Date of Award
Doctor of Philosophy
Recently, electroactive polymers (EAPs) have received immense attention and interest from the materials community because of their promising properties such as light weight, high elastic energy density and easy processing, which provide them the applicability in wide areas including solar cells, super capacitors, actuators and sensors. Among wide variety of electroactive polymers, ionic electroactive polymer (IEAP) has been proven more practical for both actuator and sensor applications.
This dissertation discusses the the limiting factors in IEAP actuators and sensors. Three important components, ionomeric polymer membrane, conductive network composites (CNCs) and electrolytes, all have significant determination on the performance of IEAP actuators and sensors. Thorough investigation are conducted by both experimental and theoretical methods, and the findings are presented in this dissertation.
We first investigated how the morphology of CNC thin-film influences the mechanoelectrical performance of IEAP sensors. IEAP sensor, in most cases, is also referred to as ionic polymer-metal composite (IPMC) sensor. A novel approach, layer-by-layer (LbL) ionic self-assembly technique is utilized to fabricate the porous and conductive CNC nanocomposites based on polymers and metal nanoparticles. The electrochemical, morphological characteristics, and the corresponding mechanoelectrical performance of this IEAP sensor were explored as a function of the CNC morphology.
Meanwhile, the influence of ionic liquids (ILs) concentration on the electromechanical response of IEAP actuators has been investigated. It was observed that an optimum concentration of ions where the electromechanical response is maximized is achieved by adjusting the uptake of IL in the ionomeric membrane; this optimum concentration, however, is not the highest ion concentration.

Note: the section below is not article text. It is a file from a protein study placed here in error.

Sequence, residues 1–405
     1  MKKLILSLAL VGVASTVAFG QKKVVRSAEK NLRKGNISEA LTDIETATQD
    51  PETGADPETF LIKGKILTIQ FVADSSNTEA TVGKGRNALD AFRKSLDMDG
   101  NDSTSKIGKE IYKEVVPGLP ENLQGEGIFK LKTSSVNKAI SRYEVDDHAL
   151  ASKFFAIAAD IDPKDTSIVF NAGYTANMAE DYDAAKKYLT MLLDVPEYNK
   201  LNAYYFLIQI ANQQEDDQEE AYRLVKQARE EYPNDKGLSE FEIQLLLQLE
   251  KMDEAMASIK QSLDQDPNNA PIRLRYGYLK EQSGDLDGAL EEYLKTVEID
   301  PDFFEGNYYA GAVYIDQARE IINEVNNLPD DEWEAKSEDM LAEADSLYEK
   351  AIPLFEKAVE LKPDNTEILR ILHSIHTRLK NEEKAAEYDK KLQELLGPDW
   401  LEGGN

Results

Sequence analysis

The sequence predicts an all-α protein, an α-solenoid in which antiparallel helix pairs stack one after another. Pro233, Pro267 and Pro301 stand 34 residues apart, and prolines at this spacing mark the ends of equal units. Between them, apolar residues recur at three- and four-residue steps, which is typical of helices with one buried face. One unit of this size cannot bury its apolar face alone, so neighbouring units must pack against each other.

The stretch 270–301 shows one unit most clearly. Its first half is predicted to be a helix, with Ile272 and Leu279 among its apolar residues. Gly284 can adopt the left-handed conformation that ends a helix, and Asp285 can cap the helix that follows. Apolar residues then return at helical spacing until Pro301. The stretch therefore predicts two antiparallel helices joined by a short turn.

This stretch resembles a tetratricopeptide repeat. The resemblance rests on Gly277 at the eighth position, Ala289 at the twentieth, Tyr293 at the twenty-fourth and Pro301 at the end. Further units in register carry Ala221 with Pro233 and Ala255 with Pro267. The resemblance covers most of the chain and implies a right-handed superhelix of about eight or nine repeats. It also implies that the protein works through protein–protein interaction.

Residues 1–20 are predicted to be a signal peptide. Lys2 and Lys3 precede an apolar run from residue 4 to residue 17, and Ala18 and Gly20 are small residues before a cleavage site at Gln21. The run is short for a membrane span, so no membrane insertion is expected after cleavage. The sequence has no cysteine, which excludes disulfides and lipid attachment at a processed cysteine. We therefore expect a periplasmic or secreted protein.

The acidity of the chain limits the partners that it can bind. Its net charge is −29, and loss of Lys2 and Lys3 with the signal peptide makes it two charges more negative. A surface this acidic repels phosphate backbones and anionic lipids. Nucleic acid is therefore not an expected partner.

Functional ionomeric polymer membrane is the backbone of a wide range of ionic devices due to its permeability to ions, which is the principle of these devices. Ions are sourced by either aqueous electrolytes or ILs. ILs are preferred as their near zero vapor pressure allows longer shelf life, operation in air, and higher operation voltages. We report that in addition to ions sourced by the dopant (e.g. electrolytes or ILs), counterions of the ionomeric membrane contained in the IEAP actuator are also mobilized and contribute to the final electromechanical response.
Many approaches to fabricate CNC thin-film structures have been proposed and enabled an intrinsic way to control the performance of IEAP actuators. We have demonstrated that manipulation of ionic mobility through means of structural design can realize intrinsic limb-like motion in IEAP actuators. By incorporating conjugated polymers in desired patterns as CNC thin-films, we have developed unique IEAP actuators which are capable of exhibiting limb-like angular deformation.
In a collaborative effort, we have also developed a nonlinear dynamic model of IEAP actuators using rigid finite element method.
Hong, Wangyujue, "Ion transport in ionomeric polymers for ionic electroactive polymer devices" (2016). Graduate Theses and Dissertations. 15933.